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What we learned from Seahawks’ win over Minnesota

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Marsahwn Lynch and the Seahawks have averaged nearly 34 points over their last three games. (AP)

By Danny O’Neil

Examining the takeaways and unanswered questions from the Seahawks’ 41-20 win over Minnesota at CenturyLink Field.

Three things we learned:

1. Doug Baldwin and Percy Harvin could be quite a pair.

There was plenty of speculation that Harvin’s addition would cost Baldwin opportunities. Well, Harvin’s debut showed just how much he may help Baldwin.

That was certainly the case on both of Baldwin’s receptions as he lined up outside with Harvin in the slot. In each case, Baldwin had a go route. In each case, Harvin’s presence in the slot demanded attention from the safety. The result? First, a 44-yard completion that was the longest play from scrimmage for either team in Sunday’s game. The second was even better for Seattle, though: a 19-yard touchdown catch in which Baldwin outleapt defenders.

With Sidney Rice out for the season, Baldwin is making a case that he is much more than just a slot specialist.

2. That’s why Cliff Avril was such a get in free agency.

Avril and Paul Kruger were considered the top pass-rushers available in free agency, and it was considered a coup when Seattle signed Avril to a two-year deal. But through 10 games, Michael Bennett had made the biggest impact along Seattle’s defensive line.

Sunday was a showcase for Avril. He came roaring off the edge on Minnesota’s third play from scrimmage, chopping the ball away from Christian Ponder to force a fumble that Seattle’s Clinton McDonald recovered. While it was his only sack, Avril was flying off the edge all game as he was simply too fast for offensive tackle Phil Loadholt. It was promising sign for Seattle’s pass rush.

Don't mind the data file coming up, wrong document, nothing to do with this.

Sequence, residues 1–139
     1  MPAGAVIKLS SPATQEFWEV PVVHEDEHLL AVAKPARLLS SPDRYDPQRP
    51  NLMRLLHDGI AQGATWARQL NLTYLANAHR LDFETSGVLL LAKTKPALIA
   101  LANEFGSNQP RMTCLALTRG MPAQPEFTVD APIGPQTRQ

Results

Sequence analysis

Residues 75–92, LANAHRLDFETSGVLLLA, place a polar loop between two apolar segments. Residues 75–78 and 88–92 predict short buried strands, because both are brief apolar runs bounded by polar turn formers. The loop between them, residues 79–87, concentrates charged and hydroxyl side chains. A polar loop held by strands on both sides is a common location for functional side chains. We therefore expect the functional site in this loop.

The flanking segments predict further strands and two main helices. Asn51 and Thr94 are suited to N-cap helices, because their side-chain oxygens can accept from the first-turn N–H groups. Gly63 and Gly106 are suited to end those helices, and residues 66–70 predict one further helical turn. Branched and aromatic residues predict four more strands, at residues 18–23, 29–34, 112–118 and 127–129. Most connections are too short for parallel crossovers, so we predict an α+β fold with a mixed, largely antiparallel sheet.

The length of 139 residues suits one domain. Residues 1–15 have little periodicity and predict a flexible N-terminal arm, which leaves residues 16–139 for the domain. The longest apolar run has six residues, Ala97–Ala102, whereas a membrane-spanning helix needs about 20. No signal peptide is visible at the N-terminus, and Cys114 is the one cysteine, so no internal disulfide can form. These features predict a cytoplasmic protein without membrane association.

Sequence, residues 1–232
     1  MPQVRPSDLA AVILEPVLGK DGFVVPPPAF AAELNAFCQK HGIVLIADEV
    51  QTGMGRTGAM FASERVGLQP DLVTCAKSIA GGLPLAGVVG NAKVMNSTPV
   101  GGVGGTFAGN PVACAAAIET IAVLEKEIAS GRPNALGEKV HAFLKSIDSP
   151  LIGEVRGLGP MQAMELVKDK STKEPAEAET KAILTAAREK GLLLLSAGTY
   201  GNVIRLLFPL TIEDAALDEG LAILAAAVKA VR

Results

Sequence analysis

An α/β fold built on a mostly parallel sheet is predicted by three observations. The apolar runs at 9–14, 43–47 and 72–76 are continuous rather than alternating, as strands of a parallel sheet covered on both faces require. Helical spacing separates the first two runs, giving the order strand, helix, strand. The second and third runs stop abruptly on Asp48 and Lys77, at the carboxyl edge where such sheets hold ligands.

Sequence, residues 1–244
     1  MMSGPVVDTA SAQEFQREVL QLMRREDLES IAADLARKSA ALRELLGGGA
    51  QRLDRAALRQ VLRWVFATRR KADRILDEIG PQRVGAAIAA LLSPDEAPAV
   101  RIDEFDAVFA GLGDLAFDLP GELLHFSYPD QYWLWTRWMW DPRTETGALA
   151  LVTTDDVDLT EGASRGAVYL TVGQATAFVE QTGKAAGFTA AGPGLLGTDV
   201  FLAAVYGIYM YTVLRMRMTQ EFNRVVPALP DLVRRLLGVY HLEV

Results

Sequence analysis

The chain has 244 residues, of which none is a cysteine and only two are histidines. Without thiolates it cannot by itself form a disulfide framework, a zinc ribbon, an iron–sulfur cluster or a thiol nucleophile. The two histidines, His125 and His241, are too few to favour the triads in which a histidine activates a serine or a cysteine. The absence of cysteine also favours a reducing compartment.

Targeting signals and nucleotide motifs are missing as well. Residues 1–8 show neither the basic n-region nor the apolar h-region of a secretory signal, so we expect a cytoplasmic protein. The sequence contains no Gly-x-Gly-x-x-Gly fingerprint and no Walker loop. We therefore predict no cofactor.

3. Marshawn Lynch and Russell Wilson make a great double-play combination.

Last week in Atlanta, it was Lynch throwing back to Wilson, who pivoted like a great second baseman and threw downfield to Jermaine Kearse for a 43-yard touchdown.

This time, it was Wilson on the move making like a shortstop and flipping the ball to Lynch for a 6-yard touchdown pass.

It’s the fourth time Lynch has scored three touchdowns in a game since he was acquired by the Seahawks.

Three things we’re still trying to figure out:

1. Will Russell Wilson become a viable MVP candidate?

Because he should. Peyton Manning is certainly the favorite, and Drew Brees will get consideration, but Wilson is emerging as a third candidate. He’s not going to be put the next-generation passing numbers like Manning, Brees or a stat monster like Matthew Stafford.

He does exactly what his team needs, extending plays with his scrambling ability, being careful with the ball and excelling on third down and in the red zone.

Wilson completed better than two-thirds of his pass attempts against Minnesota, passed for two touchdowns and a had a passer rating of 151.4, the second-best single-game rating in franchise history. He is truly remarkable.

2. How did Mike James rush for 158 yards against this defense?

More coverage of Seattle’s Week-11 victory over the Vikings at CenturyLink Field.

Recap | Stats | Photos | Postgame interviews
O’Neil: Less is more for Wilson, Seahawks
Henderson: Harvin shines in Seahawks debut
Wyman: The Percy Harvin Effect
Pete Carroll: 10-1 Seahawks only getting better

Seriously. How did that happen? Because two weeks after giving up that yardage to James, the Seahawks held the league’s best running back to 65 yards on 21 carries. Adrian Peterson’s longest run in the game was 13 yards.

It was the second consecutive game in which Seattle showed a sturdy run defense. Last week, that came with the caveat that it was against Atlanta, which had the league’s worst rushing offense. This time, Seattle held Peterson to just over one-third the rushing total he had against the Seahawks last season. That’s something to boast about.

3. Will Seattle be held to fewer than 30 points in December?

Sure looks like this offense has turned the corner, an improvement that began to take root in the second half of Seattle’s comeback against Tampa Bay. The Seahawks may not reach 50 points in back-to-back games like they did last December, but with Seattle’s starting offensive tackles back and Harvin now playing, this offense appears to have turned the corner.